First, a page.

Printing backtrace of postgres processes

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Printing backtrace of postgres processes

vignesh C
Hi,

I would like to propose getting the callstack of the postgres process
by connecting to the server. This helps us in diagnosing the problems
from a customer environment in case of hung process or in case of long
running process.
The idea here is to implement & expose pg_print_callstack function,
internally what this function does is, the connected backend will send
SIGUSR1 signal by setting PMSIGNAL_BACKTRACE_EMIT to the postmaster
process. Postmaster process will send a SIGUSR1 signal to the process
by setting PROCSIG_BACKTRACE_PRINT if the process has access to
ProcSignal. As syslogger process & Stats process don't have access to
ProcSignal, multiplexing with SIGUSR1 is not possible for these
processes, hence SIGUSR2 signal will be sent for these processes. Once
the process receives this signal it will log the backtrace of the
process.
Attached is a WIP patch for the same.
Thoughts?

Regards,
Vignesh
EnterpriseDB: http://www.enterprisedb.com

0001-Print-backtrace-of-postgres-process.patch (14K) Download Attachment
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Re: Printing backtrace of postgres processes

Tom Lane-2
vignesh C <[hidden email]> writes:

> The idea here is to implement & expose pg_print_callstack function,
> internally what this function does is, the connected backend will send
> SIGUSR1 signal by setting PMSIGNAL_BACKTRACE_EMIT to the postmaster
> process. Postmaster process will send a SIGUSR1 signal to the process
> by setting PROCSIG_BACKTRACE_PRINT if the process has access to
> ProcSignal. As syslogger process & Stats process don't have access to
> ProcSignal, multiplexing with SIGUSR1 is not possible for these
> processes, hence SIGUSR2 signal will be sent for these processes. Once
> the process receives this signal it will log the backtrace of the
> process.

Surely this is *utterly* unsafe.  You can't do that sort of stuff in
a signal handler.

It might be all right to set a flag that would cause the next
CHECK_FOR_INTERRUPTS to print a backtrace, but I'm not sure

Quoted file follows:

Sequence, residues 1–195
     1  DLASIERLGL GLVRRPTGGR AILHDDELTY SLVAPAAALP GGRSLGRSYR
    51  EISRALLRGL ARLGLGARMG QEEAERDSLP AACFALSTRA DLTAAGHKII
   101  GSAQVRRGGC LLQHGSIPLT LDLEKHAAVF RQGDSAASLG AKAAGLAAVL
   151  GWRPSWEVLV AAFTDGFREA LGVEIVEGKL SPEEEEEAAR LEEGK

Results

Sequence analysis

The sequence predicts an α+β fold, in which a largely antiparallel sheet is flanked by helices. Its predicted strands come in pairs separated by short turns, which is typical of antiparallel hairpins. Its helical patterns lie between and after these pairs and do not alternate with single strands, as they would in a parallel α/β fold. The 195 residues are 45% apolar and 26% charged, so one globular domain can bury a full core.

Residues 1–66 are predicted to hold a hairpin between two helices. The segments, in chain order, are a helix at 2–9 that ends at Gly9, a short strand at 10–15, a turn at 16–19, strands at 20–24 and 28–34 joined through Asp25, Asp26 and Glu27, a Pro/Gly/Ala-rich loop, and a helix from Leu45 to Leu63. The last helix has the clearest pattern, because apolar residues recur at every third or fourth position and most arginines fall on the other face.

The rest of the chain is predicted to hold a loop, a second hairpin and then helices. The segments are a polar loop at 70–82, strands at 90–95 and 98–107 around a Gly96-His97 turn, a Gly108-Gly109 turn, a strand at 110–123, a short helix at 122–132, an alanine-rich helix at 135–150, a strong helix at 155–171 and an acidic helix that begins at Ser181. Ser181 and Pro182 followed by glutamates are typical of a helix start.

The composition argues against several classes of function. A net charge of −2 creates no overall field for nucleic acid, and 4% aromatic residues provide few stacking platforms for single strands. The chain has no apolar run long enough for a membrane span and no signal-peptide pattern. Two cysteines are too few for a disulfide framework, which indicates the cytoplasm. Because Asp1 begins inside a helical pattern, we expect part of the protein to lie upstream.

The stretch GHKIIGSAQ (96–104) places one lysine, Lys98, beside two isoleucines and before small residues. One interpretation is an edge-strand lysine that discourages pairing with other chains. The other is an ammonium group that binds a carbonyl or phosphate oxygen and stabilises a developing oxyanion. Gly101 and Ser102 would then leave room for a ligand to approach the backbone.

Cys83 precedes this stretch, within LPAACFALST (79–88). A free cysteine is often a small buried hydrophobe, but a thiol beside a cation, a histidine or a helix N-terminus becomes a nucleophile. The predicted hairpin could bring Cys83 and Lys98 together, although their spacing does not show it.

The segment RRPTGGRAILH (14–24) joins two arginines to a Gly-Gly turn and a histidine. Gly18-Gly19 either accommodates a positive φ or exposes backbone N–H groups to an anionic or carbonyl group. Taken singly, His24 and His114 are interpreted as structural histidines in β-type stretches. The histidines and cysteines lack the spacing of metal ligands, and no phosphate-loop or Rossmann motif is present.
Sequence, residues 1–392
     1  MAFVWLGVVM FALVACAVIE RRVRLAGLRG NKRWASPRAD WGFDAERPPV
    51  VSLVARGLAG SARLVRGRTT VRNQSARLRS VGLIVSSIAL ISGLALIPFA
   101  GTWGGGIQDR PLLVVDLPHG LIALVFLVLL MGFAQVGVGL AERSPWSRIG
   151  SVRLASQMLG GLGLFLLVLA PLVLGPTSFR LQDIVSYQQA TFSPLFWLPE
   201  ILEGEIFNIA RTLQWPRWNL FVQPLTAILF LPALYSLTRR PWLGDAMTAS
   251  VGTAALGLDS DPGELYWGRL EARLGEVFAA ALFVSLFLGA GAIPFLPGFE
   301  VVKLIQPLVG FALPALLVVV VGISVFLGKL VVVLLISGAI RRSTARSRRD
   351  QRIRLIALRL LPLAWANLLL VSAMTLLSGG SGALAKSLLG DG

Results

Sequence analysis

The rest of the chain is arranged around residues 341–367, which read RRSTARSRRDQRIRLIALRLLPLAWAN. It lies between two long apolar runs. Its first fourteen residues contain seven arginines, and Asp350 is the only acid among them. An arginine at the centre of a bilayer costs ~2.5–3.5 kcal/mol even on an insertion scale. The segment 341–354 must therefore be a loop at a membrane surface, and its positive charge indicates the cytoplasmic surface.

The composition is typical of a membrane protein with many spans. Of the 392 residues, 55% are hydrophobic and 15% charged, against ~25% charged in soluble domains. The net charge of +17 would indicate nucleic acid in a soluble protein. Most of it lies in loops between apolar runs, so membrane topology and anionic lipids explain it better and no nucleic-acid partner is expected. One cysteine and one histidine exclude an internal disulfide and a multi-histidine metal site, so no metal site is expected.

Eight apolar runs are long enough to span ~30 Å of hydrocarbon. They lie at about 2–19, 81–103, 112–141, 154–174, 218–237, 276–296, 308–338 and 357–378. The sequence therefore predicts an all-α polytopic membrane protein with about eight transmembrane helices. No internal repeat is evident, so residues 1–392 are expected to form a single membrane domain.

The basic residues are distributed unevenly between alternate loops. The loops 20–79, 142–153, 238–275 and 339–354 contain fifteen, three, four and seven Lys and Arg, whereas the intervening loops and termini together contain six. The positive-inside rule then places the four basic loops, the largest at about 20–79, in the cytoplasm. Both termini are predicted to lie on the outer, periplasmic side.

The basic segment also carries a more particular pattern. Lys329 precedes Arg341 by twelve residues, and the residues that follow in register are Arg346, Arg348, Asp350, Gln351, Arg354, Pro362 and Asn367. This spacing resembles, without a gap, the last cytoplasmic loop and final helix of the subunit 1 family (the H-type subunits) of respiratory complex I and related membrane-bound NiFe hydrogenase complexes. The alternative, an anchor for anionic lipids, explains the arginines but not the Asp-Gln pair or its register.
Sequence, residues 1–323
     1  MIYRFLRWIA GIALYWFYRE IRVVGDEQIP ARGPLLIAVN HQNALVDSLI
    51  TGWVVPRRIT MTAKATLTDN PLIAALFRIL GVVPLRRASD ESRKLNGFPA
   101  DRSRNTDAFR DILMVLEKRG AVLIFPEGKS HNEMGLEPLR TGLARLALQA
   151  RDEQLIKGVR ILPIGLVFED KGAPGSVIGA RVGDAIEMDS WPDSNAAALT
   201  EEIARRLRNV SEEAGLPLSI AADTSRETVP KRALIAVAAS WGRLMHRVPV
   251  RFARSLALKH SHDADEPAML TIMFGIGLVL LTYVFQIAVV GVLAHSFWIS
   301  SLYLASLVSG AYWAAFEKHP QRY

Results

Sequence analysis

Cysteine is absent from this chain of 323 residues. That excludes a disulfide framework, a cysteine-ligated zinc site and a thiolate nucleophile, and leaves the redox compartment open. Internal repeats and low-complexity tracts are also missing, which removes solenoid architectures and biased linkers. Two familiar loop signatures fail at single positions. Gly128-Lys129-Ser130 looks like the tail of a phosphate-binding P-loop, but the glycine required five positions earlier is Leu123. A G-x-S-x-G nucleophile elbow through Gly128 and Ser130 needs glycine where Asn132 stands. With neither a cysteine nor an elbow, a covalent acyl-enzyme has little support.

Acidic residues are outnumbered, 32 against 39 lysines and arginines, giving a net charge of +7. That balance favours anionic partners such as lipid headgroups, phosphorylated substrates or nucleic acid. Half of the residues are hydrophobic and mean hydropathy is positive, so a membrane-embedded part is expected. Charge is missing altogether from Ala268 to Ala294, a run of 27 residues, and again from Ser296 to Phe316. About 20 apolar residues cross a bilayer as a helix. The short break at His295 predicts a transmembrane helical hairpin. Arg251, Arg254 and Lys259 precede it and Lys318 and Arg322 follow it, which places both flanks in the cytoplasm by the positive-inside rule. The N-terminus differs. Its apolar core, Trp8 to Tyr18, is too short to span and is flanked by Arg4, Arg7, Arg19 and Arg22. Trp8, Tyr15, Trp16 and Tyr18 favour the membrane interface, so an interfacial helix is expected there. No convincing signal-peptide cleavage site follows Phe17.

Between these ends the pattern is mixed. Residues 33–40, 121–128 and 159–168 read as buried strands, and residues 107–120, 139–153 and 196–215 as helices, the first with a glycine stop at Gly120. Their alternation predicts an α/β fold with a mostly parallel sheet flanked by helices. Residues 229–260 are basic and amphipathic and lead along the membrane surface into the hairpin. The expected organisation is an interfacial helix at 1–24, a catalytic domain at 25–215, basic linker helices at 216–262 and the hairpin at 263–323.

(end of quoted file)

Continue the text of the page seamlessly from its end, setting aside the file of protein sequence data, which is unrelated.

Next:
how useful that really is.

The proposed postmaster.c addition seems quite useless, as there
is exactly one stack trace it could ever log.

I would like to see some discussion of the security implications
of such a feature, as well.  ("There aren't any" is the wrong
answer.)

                        regards, tom lane


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Re: Printing backtrace of postgres processes

vignesh C
On Sun, Nov 22, 2020 at 11:55 AM Tom Lane <[hidden email]> wrote:

>
> vignesh C <[hidden email]> writes:
> > The idea here is to implement & expose pg_print_callstack function,
> > internally what this function does is, the connected backend will send
> > SIGUSR1 signal by setting PMSIGNAL_BACKTRACE_EMIT to the postmaster
> > process. Postmaster process will send a SIGUSR1 signal to the process
> > by setting PROCSIG_BACKTRACE_PRINT if the process has access to
> > ProcSignal. As syslogger process & Stats process don't have access to
> > ProcSignal, multiplexing with SIGUSR1 is not possible for these
> > processes, hence SIGUSR2 signal will be sent for these processes. Once
> > the process receives this signal it will log the backtrace of the
> > process.
>
> Surely this is *utterly* unsafe.  You can't do that sort of stuff in
> a signal handler.
>
> It might be all right to set a flag that would cause the next
> CHECK_FOR_INTERRUPTS to print a backtrace, but I'm not sure
> how useful that really is.
>
> The proposed postmaster.c addition seems quite useless, as there
> is exactly one stack trace it could ever log.
>
> I would like to see some discussion of the security implications
> of such a feature, as well.  ("There aren't any" is the wrong
> answer.)

Hi Hackers,

Any thoughts on the security implication for this feature.

Regards,
Vignesh
EnterpriseDB: http://www.enterprisedb.com


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Re: Printing backtrace of postgres processes

Craig Ringer-5
In reply to this post by Tom Lane-2
> Surely this is *utterly* unsafe.  You can't do that sort of stuff in
> a signal handler.

Not safely, anyway. The signal handler could be called in the middle
of a malloc(), a pfree(), or all sorts of other exciting
circumstances. It'd have to be extremely careful to use only local
resources on the stack and I don't see how that's feasible here.

It'll work - most of the time. But it could explode messily and
excitingly just when you actually need it to work properly, which is
rarely what you want from features clearly intended for production
debugging.

(It'd be interesting to add some test infrastructure that helps us
fire signal handlers at awkward times in a controlled manner, so we